Can the church pay for things pertaining to the upkeep of the church building?


Do you think the church can pay for things that pertain to the church building for things such as repairs or the lawn maintenance and work around the grounds to keep it looking presentable and then accommodations such as nursery items (baby bed, rocking chairs, books, maybe even toys, etc...), things that are simply conveniences to members or visitors to the church, or even accommodations such as restrooms or water fountains. These are actually things that we could definitely do without, but these things do make the building more presentable and comfortable at times. In order to keep these things running, it takes money from somewhere.


What you are seeking to do is find a possible exception to the rule. If one is found, then you will claim that anything else you can imagine also falls into that same exception and thus you excuse yourself from seeking a "thus says the Lord" for what you wish to do.

When either an individual or group owns a building, along with the ownership it accepts responsibilities. The government requires that buildings where people gather have certain minimum requirements, such as escape exits (in case of a fire), restrooms, and water. The government even states how many stalls in restrooms must be available for the expected number of people that will be in the building. It also sets the limit on the number of people who can be in the building at one time. You might look at restrooms and water fountains as conveniences, but they are still mandated by your government.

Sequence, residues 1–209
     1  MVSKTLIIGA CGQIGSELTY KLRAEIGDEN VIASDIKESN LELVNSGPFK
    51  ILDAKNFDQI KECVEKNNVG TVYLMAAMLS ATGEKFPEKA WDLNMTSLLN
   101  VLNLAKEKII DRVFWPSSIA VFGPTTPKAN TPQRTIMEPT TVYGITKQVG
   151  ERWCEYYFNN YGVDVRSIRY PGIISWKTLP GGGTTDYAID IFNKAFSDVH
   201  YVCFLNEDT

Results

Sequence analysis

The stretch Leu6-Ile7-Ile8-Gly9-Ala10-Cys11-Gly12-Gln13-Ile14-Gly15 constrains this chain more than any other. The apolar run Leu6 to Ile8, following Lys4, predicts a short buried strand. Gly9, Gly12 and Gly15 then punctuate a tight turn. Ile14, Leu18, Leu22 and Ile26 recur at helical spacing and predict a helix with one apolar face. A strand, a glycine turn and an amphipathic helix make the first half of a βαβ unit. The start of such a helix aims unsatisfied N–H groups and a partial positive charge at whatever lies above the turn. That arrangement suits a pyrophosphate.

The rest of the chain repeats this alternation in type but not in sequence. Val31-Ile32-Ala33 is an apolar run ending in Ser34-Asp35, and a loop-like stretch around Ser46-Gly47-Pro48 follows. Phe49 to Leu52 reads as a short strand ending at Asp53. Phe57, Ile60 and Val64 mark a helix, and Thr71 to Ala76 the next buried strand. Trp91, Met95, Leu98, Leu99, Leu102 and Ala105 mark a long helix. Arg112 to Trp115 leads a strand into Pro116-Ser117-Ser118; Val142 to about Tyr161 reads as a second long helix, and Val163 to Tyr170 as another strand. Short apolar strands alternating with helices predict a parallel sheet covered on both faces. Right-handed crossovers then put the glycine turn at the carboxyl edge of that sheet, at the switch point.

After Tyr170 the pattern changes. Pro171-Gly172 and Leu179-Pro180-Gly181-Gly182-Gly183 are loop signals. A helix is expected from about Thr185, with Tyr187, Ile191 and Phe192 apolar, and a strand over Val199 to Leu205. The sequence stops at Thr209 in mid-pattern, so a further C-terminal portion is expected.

The government also tells property owners that they must keep their property up to certain standards. Not long ago, a gas station in my community was closed down because the owner kept his property looking like a dump. In towns, people have to mow their grass and keep their buildings looking presentable. It is a part of being good neighbors and most local governments enforce rules to that effect.

Maintenance of a building is also required if people expect to continue using the building. The reason people pay rent on a building, in part, is so the owner will keep the building in working order. When a person or group owns a building, a part of the cost of ownership is continued maintenance of the facility. Some congregations choose to rent their location. Some find it more cost effective to own the building and pay for the upkeep.

Many congregations have a "cry room" where mothers can bring their small children when they are fussy. The room allows the mother the ability to hear what is going on while the rest of the congregation doesn't hear the fussing of the children so loudly. That aids in keeping worship in an orderly fashion. In regards to what is in the cry room, in every congregation I've been a part, it is filled with donated items. There is no need for a congregation to expend funds in this area.

Thanks for your response and your time! Your web site is always very helpful in Bible study!